This wall’s my gnomon. I know the shadows
like I know my own hair: texture and shade.
How long I can leave it loose before I bind it.
Midday. Midday I shut my doors and drop the
blackout blinds. The cuffs of curfew expand
with this contraction. All screens – wire, glass –
can be set as ectopic filters to outside. In our
animated world there is no beauty in passivity.
Tell me again there is no equal beauty in
movement. Tell me also how much isolation
atrophies the mind, or don’t tell. Do not tell
while I plan for my moon garden along the
remembered expanse of my walled off ground.
Allow the strike of yonic time, the shedding
crimson velvet lining, the oxidised tint of a
waxing moon earring. I would rather, just
now, stop saluting the sun. I want none of
its vital nutrients, the seduction of its burning.
Would rather not have Surya’s inexhaustible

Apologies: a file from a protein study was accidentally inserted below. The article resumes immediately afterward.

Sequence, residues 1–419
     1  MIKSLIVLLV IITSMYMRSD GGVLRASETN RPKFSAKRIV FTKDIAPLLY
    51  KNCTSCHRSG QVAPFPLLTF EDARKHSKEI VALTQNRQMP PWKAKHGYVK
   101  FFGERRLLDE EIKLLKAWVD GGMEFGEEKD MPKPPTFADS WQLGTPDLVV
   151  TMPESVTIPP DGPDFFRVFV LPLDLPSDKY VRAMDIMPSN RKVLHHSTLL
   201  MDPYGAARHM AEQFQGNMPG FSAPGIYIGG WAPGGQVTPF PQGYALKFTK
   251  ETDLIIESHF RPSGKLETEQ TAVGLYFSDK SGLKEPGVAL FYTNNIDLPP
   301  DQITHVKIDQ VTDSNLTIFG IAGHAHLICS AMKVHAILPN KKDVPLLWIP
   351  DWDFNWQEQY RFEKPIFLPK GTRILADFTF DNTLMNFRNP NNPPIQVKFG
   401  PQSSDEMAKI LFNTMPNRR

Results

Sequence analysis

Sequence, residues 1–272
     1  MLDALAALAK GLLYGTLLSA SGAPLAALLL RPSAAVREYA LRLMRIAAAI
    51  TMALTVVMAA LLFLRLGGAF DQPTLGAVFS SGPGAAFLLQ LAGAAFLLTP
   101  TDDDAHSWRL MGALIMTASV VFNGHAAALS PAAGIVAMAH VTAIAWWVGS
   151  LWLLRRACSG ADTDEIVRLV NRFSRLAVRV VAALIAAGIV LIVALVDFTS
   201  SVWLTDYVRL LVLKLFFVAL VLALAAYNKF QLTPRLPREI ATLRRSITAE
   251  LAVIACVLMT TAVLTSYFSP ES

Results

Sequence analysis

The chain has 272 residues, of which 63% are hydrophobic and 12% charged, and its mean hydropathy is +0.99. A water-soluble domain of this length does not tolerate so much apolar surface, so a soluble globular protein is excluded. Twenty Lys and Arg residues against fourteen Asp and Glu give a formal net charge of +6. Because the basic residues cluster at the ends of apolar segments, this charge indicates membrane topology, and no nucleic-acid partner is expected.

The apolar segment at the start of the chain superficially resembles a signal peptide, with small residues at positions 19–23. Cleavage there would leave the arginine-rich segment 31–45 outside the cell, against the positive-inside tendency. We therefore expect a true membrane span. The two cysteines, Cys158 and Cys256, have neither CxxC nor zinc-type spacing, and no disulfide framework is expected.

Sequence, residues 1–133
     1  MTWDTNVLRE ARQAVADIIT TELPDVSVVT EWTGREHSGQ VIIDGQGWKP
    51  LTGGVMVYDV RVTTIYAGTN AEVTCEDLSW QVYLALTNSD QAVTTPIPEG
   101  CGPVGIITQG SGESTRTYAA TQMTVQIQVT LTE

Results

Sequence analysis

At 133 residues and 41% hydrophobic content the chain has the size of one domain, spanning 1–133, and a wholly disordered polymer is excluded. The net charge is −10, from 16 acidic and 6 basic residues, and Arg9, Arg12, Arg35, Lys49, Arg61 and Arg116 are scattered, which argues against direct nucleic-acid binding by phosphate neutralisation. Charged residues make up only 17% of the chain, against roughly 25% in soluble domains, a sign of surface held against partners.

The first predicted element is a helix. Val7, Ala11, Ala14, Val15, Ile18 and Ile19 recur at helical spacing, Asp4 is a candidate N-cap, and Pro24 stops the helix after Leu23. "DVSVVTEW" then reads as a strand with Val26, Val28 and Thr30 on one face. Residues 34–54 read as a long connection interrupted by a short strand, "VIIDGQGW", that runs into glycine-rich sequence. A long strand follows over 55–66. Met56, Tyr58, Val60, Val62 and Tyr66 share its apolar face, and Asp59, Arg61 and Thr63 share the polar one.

followers strike their agenda of docility onto
my field, these clean and sober rooms I fold
into. A nation of shadows churn under my
landlord’s fan, troubled by light from another
source. Here I am. A single guest remaining
by the grace of apathetic fate. Where do I stow
my chappals; what cup of clay do I drink from?
Where should I pin my clean bill of health?
No one comes down the outside hallway. No
one touches fingertips to my door. No one
suspects how I move about inside. No one
turns with such determination from the sun.

Kathryn Hummel (www.kathrynhummel.com/@katscratchez/friendswithdrinks) is an Australian writer, mixed-media artist and multidisciplinary researcher.

Featured image: Tiachen Aier/Unsplash